Rake::Pipeline is a system for packaging assets for deployment to the web. It uses Rake under the hood for dependency management and updating output files based on input changes.
The easiest way to use Rake::Pipeline is via an
in the root of your project.
Assetfile looks like this:
input block defines a collection of files, and a pipeline
that transforms those files. Within each pipeline, you can specify a series
of filters to describe the transformations you'd like to apply to the
Upgrading from Previous Versions
Assetfile syntax has changed in version 0.6.0. In previous
Assetfile defined a single pipeline, and
input statements would add input files to that pipeline. After
version 0.6.0, multiple pipelines can be defined in an
input method now takes a block,
and this block defines a pipeline. This means that any
blocks or filters must be defined inside an
input block, and
no longer at the top level. For example, this:
# Prior to 0.6.0 output "public" input "assets" match "**/*.js" do concat end
would now be written as:
# After 0.6.0 output "public" input "assets" do match "**/*.js" do concat end end
A filter is a simple class that inherits from
which takes two parameters: a list of input files and the output file.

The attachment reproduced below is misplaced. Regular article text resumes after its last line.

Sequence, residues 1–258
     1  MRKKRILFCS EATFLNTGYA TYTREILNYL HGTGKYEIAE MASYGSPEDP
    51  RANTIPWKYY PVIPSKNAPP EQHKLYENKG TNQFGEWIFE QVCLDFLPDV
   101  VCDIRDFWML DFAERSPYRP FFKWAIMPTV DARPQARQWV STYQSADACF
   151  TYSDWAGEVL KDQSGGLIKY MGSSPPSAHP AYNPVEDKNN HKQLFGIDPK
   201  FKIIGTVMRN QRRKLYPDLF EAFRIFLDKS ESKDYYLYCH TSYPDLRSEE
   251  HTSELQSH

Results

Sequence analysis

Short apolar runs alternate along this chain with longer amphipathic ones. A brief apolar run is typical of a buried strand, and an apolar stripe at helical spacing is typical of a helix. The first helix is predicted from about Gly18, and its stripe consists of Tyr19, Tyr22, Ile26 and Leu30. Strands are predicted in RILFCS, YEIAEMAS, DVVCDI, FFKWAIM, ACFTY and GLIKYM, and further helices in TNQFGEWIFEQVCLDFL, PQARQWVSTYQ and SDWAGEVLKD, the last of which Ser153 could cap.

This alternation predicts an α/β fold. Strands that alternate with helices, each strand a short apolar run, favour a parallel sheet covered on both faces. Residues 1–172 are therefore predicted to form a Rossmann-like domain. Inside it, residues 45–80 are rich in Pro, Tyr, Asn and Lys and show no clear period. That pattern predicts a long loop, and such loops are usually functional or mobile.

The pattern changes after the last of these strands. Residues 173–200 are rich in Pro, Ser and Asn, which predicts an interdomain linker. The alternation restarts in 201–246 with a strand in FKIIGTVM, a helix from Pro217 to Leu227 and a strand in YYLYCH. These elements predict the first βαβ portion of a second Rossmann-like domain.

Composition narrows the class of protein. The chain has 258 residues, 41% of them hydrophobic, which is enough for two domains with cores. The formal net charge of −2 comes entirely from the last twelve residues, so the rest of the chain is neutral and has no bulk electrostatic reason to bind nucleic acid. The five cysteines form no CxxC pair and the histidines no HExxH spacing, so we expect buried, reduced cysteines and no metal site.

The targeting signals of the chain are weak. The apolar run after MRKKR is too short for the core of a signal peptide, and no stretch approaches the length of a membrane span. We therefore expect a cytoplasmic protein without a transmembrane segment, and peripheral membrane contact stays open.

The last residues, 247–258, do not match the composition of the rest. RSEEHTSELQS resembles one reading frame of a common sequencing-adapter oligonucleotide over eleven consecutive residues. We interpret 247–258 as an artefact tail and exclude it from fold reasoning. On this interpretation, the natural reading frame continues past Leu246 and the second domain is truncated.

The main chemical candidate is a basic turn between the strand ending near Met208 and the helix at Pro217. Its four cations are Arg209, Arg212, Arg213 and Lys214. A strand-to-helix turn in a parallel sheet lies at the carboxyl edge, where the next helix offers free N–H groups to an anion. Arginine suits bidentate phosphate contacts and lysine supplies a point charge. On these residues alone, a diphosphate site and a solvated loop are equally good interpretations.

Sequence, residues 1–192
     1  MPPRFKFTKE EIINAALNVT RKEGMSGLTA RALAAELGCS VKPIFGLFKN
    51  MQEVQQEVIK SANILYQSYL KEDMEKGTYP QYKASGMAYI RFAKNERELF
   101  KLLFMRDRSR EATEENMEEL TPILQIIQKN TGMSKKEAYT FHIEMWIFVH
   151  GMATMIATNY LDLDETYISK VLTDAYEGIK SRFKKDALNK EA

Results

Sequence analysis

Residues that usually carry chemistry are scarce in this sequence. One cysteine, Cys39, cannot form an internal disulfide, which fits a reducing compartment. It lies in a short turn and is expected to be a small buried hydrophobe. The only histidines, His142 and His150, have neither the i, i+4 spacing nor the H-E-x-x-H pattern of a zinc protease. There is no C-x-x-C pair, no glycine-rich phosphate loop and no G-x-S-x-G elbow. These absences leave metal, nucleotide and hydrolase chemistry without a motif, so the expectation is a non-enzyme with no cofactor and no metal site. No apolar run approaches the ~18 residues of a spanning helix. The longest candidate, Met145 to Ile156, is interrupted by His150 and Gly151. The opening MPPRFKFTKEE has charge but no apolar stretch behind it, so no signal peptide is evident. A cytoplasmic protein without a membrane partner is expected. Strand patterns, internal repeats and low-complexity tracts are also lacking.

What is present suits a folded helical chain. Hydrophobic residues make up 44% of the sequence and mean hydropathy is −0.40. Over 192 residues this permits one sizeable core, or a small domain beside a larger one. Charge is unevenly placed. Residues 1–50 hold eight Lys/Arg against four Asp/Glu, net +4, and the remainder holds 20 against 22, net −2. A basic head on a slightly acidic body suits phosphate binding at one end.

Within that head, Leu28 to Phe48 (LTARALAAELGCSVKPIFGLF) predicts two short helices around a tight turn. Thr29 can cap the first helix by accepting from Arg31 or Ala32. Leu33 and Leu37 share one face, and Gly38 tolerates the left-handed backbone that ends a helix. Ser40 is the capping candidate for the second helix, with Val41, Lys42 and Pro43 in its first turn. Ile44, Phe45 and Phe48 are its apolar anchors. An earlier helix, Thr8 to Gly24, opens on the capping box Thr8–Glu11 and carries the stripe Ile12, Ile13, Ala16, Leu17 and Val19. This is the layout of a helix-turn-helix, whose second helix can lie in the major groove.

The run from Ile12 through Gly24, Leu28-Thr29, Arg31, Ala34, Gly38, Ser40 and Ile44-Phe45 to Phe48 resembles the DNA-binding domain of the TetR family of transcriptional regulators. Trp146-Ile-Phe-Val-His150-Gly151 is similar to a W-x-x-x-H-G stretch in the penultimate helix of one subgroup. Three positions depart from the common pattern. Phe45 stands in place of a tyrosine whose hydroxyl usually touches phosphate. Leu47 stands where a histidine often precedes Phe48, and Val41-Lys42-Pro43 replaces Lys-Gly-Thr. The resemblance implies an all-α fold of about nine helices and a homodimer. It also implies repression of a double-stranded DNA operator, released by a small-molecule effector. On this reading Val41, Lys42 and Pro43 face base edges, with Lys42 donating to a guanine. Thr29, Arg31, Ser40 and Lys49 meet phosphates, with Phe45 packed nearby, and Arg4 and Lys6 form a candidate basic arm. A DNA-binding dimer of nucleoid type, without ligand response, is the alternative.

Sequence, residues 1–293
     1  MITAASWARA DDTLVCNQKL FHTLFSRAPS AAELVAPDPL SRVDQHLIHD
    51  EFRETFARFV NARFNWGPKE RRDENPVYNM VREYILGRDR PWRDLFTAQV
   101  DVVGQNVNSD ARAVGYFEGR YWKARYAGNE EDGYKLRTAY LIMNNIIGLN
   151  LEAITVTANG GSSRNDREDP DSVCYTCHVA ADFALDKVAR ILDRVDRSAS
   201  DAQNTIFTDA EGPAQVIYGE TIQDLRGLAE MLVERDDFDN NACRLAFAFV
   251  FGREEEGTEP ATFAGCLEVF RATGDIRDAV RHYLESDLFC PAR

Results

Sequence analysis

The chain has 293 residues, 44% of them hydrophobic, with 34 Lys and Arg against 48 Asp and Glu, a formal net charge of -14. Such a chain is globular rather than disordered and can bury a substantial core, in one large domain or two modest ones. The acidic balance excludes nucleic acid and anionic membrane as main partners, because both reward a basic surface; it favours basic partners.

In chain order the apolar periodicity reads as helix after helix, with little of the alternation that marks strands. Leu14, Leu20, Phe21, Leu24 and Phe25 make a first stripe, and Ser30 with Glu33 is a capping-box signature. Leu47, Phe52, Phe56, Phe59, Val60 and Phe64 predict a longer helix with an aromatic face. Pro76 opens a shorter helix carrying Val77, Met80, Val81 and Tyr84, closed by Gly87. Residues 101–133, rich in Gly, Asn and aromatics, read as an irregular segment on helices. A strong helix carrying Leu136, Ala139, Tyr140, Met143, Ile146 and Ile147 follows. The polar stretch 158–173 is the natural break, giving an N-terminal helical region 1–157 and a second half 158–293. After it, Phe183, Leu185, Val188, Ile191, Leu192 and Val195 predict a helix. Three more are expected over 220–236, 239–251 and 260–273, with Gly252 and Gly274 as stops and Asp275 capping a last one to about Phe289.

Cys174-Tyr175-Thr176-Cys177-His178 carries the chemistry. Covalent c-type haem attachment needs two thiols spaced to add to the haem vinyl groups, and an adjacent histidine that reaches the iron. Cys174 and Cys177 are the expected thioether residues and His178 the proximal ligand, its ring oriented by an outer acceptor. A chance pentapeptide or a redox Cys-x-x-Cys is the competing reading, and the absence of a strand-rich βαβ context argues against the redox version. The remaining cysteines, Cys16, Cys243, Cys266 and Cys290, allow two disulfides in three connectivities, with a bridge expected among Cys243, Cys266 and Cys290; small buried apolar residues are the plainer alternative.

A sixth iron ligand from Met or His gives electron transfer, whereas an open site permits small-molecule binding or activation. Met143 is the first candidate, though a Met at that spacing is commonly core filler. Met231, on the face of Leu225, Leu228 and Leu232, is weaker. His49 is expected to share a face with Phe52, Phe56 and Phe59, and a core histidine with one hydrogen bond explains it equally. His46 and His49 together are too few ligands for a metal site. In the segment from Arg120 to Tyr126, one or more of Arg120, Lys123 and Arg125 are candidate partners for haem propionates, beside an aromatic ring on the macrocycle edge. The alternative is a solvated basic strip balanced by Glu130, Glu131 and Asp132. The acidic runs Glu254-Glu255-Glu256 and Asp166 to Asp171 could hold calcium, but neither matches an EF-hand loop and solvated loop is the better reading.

Both the input and output files areobjects. The most important methods on a are:
: the path of the file, relative to its input root
: read the contents of the file
: write a String to the file
For example, a simple concatenation filter would look like:
class ConcatFilter < :::: def generate_output(inputs, output) inputs.each do |input| output.write input.read end end end
If you had a series of input files like:
and you specified the
ConcatFilter in your
filter ConcatFilter, "application.js"
The filter would receive a single call to
an Array of s representing each of
the three files, and a
If your filter is operating on binary data, like images, rather than textual data, like source code, you can specify that in your filter:
class ConcatFilter < :::: processes_binary_files def generate_output(inputs, output) inputs.each do |input| output.write input.read end end end
This will stop `Rake::Pipeline` from trying to interpret the input files as `UTF-8`, which obviously will not work on binary data.
Rake::Pipeline comes with a built-in filter,
. Its implementation is the same as the
ConcatFilter above. Other filters that are useful for web
development like a
SassFilter are available in [rake-pipeline-web-filters](github.com/wycats/rake-pipeline-web-filters).
To start up the preview server, run rakep server. This will start up a server that automatically recompiles files for you on the fly and serves up the files you need.
This should allow you to have a single index.html file pointing at the same files in both development and production.
To compile all assets before deployment, simply run:
$ rakep build
If a filter does not specify that it processes binary files,
Rake::Pipeline will open all inputs and outputs as
This means that if you have files encoded in other encodings, like
Rake::Pipeline will raise an exception.
In this situation, you need to open the offending file in your text editor
and re-save it as
Public Release Requirement
Before publicly releasing this code, we need to properly support encodings
other than UTF-8. That means using the
instead of hardcoding to UTF-8 and providing a mechanism for specifying the
encoding of a file using a magic comment.